Agriculture, all of the essential activities that enable people to draw plant and animal products from the land, requires appropriate techniques and means that differ from one region to another. Throughout the world, it has experienced great growth, in proportion to the evolution of science. In the Southeast Department, as in the rest of Haiti, agriculture remains a rudimentary stage where farmers use old techniques dating back more than two centuries, not allowing them to obtain positive results in their agricultural work.
They do not have adequate materials such as: tools, seeds, organic and chemical fertilizers, pepticides, buildings, flocks, etc. These materials call for the investment of money that farmers, who live in precarious situations, do not possess.
Southeast agricultural production, harvests
The lack of necessary materials for subsistence farming gives rise to very small crop yields. Nevertheless, some of these products are sold to buy other products and to meet social needs.
There are two main crops in the Southeast Department: market gardening and food crops.
Market gardening such as cabbages, lettuce, beans, peas, leeks, potatoes, carrots, beets, onions, etc. are found in low-temperature and high altitude; for example, Haut Grandou (Ka dupe, Dupera), Bereau, Haut Cap-Rouge, Seguin, Gros-Cheval (north of Grand-Gosier), Savane-Zombi (north of Thiotte), and Haut Bois d'Orme (north of Anse-á-Pitres).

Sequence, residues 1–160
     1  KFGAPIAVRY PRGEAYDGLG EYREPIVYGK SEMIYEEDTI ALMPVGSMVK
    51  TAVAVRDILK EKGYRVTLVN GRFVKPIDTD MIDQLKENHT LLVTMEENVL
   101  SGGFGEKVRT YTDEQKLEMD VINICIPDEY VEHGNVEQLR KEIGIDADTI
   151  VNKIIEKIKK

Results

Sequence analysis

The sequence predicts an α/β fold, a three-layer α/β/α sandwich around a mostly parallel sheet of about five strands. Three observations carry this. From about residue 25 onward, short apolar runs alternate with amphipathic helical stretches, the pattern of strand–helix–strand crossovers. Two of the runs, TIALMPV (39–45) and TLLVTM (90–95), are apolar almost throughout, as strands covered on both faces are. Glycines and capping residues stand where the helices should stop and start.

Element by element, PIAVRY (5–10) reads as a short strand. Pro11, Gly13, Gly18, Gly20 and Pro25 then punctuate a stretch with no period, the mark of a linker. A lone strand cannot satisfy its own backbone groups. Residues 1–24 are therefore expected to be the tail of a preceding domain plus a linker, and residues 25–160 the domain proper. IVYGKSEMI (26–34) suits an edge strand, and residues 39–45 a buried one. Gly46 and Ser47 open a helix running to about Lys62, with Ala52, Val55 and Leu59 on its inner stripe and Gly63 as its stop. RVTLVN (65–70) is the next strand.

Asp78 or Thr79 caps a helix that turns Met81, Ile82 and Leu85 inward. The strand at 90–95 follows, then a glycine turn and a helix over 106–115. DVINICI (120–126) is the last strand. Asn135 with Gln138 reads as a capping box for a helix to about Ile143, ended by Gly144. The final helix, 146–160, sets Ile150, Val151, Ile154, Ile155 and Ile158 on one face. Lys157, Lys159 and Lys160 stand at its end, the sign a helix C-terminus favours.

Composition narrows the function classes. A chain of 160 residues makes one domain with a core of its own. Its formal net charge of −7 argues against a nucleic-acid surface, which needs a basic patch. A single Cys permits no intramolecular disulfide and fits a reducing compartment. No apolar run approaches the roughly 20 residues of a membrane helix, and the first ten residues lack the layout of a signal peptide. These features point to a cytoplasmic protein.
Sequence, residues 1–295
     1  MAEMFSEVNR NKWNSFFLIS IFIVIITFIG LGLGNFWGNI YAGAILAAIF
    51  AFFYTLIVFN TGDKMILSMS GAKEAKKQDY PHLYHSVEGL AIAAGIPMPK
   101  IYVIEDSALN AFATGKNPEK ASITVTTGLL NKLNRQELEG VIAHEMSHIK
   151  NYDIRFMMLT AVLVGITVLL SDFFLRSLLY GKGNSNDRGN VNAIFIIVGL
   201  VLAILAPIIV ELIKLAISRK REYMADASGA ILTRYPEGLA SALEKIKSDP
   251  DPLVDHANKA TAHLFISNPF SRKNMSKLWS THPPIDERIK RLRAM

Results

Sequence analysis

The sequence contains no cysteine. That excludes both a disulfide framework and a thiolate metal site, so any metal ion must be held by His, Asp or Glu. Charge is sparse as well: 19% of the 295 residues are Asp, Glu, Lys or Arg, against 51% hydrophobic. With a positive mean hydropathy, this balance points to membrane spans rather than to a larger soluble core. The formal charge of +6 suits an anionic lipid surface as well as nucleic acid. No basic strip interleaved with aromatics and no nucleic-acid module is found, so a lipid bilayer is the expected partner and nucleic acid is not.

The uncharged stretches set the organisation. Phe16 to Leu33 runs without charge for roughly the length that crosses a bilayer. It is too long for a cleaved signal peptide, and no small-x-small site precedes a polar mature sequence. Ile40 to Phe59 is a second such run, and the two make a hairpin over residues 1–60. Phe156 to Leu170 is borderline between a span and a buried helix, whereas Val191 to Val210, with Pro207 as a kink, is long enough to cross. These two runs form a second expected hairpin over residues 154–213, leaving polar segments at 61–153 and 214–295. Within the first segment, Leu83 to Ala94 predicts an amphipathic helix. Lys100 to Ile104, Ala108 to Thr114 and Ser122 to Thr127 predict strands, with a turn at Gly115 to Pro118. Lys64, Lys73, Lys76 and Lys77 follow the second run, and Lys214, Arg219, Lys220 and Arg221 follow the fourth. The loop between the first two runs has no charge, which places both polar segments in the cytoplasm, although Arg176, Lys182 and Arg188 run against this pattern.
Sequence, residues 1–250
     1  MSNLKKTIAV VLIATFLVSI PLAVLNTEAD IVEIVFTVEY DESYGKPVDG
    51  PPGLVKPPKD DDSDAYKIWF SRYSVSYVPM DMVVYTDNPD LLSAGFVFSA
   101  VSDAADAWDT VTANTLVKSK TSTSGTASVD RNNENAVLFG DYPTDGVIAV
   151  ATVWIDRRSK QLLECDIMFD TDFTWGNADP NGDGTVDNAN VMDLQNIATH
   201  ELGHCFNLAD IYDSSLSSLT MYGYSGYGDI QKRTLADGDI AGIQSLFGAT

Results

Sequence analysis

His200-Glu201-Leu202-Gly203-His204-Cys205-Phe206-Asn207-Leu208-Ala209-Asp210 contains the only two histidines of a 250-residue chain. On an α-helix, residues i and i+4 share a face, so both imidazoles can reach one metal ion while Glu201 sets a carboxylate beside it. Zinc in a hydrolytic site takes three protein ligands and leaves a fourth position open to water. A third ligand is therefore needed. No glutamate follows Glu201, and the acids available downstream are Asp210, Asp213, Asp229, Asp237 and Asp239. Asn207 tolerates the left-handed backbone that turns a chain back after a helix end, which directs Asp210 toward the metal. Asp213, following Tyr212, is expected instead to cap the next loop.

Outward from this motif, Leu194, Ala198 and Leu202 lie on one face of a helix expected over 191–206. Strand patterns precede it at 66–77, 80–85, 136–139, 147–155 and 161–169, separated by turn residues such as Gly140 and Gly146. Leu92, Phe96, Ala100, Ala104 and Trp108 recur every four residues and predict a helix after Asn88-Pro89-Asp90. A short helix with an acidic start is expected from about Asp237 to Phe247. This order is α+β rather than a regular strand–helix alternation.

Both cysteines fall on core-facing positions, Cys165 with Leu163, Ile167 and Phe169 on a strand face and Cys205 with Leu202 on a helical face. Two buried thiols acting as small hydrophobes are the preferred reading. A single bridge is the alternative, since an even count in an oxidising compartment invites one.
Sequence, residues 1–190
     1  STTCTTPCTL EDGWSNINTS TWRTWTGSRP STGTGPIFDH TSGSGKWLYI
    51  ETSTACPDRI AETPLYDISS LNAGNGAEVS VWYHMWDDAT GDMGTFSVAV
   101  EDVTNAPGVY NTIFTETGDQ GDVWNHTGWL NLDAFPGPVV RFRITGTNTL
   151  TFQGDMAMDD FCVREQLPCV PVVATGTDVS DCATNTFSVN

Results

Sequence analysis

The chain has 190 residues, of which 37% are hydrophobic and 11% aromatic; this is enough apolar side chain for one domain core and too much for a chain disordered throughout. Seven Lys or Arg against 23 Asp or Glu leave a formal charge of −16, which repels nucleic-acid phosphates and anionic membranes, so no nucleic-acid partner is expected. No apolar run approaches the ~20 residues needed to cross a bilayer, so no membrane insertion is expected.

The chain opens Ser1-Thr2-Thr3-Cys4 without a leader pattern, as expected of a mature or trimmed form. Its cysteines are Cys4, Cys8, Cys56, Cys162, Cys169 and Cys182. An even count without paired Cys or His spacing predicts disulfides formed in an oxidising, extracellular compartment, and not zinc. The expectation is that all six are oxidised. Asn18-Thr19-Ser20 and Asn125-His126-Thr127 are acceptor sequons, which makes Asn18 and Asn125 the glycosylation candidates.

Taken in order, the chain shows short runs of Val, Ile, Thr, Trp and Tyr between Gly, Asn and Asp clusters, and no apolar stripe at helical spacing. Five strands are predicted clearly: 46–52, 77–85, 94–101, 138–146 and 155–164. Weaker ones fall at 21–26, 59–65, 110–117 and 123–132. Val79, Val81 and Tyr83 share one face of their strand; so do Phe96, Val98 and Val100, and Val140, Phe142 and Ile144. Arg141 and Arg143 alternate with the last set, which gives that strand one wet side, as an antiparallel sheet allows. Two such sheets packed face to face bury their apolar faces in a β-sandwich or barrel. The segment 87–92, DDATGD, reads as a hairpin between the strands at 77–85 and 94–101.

Food crops (maize, peas, millet, potatoes, pigeon peas, cassava, taro, banana, yam, coffee, etc.) are found in the valleys at the foot of the mountains and also on the coasts. There are also fruit trees such as mango, avocado, citrus, orange, breadfruit, etc.
While market gardening products and fruit are intended for marketing, most of the food products are used for home consumption.
Animal production of the South-East Department
The main animal productions in the South-East Department are: livestock, fishing, and agriculture.
a) Breeding. The main objective of breeding is the production of meat. The production of milk and eggs is often neglected. The lack of forage for livestock and grain for poultry prevent the development of a positive breeding in the region. People practice a traditional breeding where the animals (cattle, capins, sheep, pigs, horses, etc.) are kept at the rope either at the stake near the house, or in the pasture.
b) Fishing. Although practiced in an archaic way, fishing is an economic activity of great importance for the people of the coastal zones, for example, the coasts of Marigot, Cayes-Jacmel, Jacmel, Belle-Anse, Grand-Gosier, and Anse-à-Pitres. Fishing is an activity considered the second after agriculture.